I started my journey as a music photographer in 2004, just before everyone in the world became permanently connected to each other. It’s wild to think back on the concert days before cell phones had cameras, very few people owned DSLRs, and venues in Seattle had yet to pass the indoor smoking ban so you always went home smelling like cigarettes and with a few days shaved off your life. Simpler times.
In high school, I brought a small digital camera with me everywhere, including to some of my first shows. Soon after this, my friends and I started Rain City Ambience to promote local bands, and I upgraded to a DSLR to help give the site better coverage and look more legit on MySpace. Having a “nice camera” back then definitely set my internet persona apart.
More on my story later. It felt weird to make my first blog post in over a year a Kelly Mason tell all, so I wanted to start with something more universally helpful. Read on for 5 of my best tips for becoming a music photographer, plus a few bonus thoughts at the end for extra inspiration.
Have a nice camera.
At this point you can do a lot with your iPhone, but at the very least you need a DSLR that handles low light with a fast lens. Try KEH Camera for deals on high quality used gear.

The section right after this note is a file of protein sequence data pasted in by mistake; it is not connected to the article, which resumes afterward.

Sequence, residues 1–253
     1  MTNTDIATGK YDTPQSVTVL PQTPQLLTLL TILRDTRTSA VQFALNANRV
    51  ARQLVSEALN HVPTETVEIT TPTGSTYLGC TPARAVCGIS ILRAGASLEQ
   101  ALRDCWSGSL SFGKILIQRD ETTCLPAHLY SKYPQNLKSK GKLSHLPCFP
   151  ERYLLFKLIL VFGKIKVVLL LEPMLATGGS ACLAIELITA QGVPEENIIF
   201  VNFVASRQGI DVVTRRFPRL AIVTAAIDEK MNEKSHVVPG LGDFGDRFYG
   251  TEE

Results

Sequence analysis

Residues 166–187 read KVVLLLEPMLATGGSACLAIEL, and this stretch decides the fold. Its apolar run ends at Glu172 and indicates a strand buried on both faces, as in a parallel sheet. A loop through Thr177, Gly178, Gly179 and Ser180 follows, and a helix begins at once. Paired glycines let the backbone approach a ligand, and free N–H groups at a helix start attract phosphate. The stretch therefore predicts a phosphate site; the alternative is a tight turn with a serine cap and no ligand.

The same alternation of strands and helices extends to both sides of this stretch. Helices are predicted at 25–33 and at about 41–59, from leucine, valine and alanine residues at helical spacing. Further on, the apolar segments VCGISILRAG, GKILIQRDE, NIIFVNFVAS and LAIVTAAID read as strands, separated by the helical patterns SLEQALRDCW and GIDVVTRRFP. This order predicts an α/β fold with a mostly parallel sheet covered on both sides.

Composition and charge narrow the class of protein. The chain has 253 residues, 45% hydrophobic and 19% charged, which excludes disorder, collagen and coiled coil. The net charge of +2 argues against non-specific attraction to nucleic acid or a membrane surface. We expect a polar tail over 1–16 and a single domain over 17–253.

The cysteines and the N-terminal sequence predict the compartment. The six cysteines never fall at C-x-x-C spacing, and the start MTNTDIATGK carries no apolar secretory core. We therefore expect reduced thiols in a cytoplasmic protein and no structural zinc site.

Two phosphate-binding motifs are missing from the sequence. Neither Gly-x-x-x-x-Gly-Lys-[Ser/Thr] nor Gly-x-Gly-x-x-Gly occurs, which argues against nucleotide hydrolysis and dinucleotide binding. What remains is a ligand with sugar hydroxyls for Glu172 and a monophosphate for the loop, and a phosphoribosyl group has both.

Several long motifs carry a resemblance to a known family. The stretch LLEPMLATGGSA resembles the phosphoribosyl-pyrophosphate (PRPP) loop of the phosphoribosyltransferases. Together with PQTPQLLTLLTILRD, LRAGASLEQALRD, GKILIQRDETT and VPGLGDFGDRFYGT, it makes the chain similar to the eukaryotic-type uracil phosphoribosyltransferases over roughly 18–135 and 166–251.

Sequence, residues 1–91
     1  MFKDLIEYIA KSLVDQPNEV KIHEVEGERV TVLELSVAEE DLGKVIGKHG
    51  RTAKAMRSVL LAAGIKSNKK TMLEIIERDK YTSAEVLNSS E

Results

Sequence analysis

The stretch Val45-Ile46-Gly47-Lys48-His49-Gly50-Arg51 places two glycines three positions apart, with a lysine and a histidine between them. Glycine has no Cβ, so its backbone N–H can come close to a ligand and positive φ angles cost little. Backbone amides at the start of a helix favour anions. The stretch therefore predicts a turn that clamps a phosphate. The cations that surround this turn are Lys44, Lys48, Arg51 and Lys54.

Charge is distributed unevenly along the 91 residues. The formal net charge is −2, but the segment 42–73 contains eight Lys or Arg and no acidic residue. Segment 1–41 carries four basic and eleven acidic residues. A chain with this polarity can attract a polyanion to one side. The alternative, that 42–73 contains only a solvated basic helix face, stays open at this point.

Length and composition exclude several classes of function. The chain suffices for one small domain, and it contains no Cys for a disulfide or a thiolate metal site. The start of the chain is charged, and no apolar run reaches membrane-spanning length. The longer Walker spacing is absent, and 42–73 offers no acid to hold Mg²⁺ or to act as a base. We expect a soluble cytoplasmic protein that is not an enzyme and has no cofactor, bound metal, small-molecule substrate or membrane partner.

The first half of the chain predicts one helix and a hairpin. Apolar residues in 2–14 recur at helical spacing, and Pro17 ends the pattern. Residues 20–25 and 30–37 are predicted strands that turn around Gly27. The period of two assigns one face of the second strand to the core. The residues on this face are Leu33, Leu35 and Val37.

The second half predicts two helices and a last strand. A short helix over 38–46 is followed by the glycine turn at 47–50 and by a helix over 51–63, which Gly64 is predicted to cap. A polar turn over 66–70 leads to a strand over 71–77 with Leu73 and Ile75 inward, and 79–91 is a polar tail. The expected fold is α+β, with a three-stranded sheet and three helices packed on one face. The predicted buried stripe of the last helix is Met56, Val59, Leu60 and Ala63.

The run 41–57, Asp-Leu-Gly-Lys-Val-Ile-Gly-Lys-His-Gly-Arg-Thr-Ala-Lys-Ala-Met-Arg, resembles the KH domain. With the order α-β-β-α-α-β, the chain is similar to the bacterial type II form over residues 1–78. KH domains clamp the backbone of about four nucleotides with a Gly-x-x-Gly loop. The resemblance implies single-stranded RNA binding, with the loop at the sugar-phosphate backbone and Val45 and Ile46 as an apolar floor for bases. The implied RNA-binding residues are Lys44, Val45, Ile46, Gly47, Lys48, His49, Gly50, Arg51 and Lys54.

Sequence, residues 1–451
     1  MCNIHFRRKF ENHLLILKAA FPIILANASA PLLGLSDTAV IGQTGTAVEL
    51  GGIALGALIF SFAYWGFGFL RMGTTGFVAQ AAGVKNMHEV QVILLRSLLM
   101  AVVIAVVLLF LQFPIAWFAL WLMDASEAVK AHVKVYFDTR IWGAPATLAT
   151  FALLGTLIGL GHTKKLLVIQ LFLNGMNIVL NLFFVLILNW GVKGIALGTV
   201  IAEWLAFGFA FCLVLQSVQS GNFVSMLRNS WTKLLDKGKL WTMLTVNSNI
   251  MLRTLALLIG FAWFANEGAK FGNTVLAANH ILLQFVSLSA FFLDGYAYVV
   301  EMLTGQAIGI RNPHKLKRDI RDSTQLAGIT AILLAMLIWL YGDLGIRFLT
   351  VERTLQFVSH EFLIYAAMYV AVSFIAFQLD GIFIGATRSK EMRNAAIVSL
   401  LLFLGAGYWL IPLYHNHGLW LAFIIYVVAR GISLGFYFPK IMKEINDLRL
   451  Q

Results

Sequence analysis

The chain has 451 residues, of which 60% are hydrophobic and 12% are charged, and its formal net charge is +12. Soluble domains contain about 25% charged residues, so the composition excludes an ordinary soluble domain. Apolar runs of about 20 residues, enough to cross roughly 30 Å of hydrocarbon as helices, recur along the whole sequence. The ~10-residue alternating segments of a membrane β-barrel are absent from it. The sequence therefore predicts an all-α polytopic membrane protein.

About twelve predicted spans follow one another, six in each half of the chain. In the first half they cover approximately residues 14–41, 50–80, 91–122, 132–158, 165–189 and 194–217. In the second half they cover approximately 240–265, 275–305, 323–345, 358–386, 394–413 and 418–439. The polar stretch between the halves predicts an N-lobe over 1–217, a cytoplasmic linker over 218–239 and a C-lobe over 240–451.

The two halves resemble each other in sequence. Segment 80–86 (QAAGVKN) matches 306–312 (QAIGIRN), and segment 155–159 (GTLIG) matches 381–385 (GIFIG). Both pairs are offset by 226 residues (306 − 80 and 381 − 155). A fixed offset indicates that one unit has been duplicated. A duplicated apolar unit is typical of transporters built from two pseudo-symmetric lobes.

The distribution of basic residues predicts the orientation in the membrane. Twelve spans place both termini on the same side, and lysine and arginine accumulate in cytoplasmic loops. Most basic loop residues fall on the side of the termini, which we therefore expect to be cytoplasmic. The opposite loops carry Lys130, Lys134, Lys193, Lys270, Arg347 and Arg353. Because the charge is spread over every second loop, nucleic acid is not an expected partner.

Fast lens = aperture of 2.8 or less. 1.8 is better, but 1.4 is usually ideal.
Go to local shows.
Find some smaller local bands that you like and start going to shows. Take photos and introduce yourself IRL, then tag them on social media later–or send them a Dropbox link with a handful of your very favorite photos if you want to go the extra mile. Local bands are typically way more appreciative than touring acts and are more likely to share your work on social media and help you get your name out there.
Are you an “awkward” person? Just remember that if you are nice to someone, they will usually be nice in return. Even if you’re socially awkward. If you have something to talk about (i.e. your photos), start there. You’ll never overcome your awk if you don’t just fuckin’ go for it sometimes.